Documenting tracking and updating software licenses
It offers lots of templates, electronic forms, electronic order entry, practice management features, graphing, patient-education document creation, alerts, and innovate tagging functions.
Potential trade-offs: Just like any open source solution, there’s going to be a lot of grunt work to get it up and running. Michael Chen, the developer, is also available to hold your hand at a cost (see “How do I start using it? Solismed clinic management system is an open source EMR, and they’re currently working on adding MACRA reporting.
We’re going to look at their features and their Capterra user reviews (where possible).
Keep in mind that free software isn’t going to be the best choice for most practices.
It started in 2004, and counts among its users a number of government agencies and healthcare nonprofits and universities such as the Millennium Villages Project and the University of Virginia. This means that you use Open MRS to design your own customized medical records system. What you get: Because Open MRS is a platform, rather than a developed system, it can be easily customized to meet specific needs.
This makes it ideal for creating EMR systems in developing countries (where, for instance, they don’t need the insurance information that a U. The add-on modules and easily accessible API allow for even further customization.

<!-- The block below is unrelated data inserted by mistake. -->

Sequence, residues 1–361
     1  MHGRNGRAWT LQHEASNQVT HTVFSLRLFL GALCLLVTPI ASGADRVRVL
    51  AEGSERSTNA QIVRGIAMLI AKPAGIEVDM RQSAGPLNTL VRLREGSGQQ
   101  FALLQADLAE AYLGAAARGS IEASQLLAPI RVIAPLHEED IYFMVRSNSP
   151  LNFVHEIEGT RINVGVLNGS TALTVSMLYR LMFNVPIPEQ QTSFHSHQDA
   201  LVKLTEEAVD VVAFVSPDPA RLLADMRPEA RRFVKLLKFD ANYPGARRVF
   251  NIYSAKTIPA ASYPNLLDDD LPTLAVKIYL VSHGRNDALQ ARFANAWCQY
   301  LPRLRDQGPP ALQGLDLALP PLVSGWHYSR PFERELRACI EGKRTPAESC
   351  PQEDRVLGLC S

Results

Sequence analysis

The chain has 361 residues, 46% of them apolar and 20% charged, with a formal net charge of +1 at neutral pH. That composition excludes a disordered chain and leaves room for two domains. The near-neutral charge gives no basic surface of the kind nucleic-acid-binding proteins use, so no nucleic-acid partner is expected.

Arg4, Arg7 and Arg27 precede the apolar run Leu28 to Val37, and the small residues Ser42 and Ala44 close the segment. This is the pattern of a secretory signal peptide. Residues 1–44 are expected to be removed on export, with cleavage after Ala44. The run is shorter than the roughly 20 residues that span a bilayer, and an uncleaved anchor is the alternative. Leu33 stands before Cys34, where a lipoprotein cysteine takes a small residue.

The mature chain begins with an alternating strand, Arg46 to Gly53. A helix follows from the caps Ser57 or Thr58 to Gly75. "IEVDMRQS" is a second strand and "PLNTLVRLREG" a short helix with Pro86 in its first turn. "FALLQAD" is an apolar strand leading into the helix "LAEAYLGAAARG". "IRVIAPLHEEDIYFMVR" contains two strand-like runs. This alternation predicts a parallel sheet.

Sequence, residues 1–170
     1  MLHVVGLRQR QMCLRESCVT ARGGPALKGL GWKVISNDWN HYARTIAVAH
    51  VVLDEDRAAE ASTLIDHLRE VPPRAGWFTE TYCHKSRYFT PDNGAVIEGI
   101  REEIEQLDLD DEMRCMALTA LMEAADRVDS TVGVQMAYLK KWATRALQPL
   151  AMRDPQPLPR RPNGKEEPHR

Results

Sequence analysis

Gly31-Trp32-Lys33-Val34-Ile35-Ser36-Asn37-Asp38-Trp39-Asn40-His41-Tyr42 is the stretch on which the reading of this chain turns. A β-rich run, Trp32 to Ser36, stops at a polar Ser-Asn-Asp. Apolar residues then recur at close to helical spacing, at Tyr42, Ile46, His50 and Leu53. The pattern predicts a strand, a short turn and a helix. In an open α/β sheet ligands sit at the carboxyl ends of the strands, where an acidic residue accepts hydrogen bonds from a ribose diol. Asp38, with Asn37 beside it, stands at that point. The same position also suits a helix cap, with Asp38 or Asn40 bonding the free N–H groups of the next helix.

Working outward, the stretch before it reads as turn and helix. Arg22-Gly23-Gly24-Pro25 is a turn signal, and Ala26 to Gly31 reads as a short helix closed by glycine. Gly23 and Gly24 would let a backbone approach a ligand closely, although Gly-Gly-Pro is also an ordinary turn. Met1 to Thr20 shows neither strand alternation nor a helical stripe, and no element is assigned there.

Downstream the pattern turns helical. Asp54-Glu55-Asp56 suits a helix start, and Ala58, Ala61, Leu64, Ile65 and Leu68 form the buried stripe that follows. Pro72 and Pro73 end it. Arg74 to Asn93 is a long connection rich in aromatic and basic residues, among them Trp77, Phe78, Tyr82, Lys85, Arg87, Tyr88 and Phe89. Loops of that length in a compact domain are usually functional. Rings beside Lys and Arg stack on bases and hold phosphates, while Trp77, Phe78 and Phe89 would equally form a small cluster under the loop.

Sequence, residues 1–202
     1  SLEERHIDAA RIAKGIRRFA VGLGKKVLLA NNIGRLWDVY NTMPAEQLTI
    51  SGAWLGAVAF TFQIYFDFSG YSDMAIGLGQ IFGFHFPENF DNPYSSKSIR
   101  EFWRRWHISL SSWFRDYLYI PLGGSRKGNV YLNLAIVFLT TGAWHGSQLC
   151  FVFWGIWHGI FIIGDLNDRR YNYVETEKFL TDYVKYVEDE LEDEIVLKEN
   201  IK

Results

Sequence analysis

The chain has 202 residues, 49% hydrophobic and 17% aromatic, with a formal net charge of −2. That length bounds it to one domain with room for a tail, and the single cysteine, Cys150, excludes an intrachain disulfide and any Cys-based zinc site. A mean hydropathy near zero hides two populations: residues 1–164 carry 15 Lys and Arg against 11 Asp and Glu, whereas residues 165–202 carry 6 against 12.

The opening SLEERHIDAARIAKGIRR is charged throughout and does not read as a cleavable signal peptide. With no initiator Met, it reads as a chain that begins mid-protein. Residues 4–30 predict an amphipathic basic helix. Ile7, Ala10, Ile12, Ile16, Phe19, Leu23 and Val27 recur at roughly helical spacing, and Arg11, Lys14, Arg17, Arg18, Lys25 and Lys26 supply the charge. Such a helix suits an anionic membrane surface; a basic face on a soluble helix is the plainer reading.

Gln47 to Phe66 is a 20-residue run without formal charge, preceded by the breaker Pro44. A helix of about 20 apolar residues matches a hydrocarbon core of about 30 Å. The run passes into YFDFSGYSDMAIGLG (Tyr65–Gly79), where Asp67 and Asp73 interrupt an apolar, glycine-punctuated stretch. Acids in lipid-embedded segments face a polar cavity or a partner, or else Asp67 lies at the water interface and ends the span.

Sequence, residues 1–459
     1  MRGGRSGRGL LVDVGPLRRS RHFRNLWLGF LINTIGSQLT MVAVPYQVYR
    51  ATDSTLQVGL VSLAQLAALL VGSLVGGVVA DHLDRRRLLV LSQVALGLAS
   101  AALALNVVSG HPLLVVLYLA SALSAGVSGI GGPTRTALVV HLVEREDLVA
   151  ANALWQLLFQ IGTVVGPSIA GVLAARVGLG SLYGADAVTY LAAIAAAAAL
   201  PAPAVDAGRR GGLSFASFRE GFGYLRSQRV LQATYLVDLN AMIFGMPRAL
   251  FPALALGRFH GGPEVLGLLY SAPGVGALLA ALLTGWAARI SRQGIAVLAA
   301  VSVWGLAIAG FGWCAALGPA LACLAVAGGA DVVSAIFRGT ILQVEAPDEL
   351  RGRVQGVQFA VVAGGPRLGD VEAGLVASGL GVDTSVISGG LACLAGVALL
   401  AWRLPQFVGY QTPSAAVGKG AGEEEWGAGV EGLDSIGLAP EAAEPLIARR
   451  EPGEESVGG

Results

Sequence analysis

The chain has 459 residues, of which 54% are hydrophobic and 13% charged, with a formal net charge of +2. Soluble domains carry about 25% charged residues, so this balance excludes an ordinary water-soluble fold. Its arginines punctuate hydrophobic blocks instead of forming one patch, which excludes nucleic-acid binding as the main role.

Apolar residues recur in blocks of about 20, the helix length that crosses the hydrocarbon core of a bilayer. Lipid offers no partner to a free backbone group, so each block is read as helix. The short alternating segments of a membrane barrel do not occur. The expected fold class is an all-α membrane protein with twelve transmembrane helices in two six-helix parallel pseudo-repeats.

Dragon Medical dictation helps you document quickly, and the template library includes multiple specialties.
Capterra reviewers enjoy the familiar design of the workflow, which makes it easy to use.
There’s an i OS app in which you can do everything you can do on a desktop, and you can also add clinical photos.
What you get: Solismed offers a patient portal with secure messaging, along with a ton of practice management capabilities including an appointment calendar and Inter FAX, which allows you to send and receive faxes electronically.
Solismed stores contact information for patients, volunteers, suppliers, and physicians.
Founded in 1999, Free MED one of the longest-running open source EMRs out there.
It boasts over 81,000 downloads and implementation in everything from small private practices to large government hospitals.
Its source code was made public domain under the Freedom of Information Act, and it’s available for download on the VA’s website.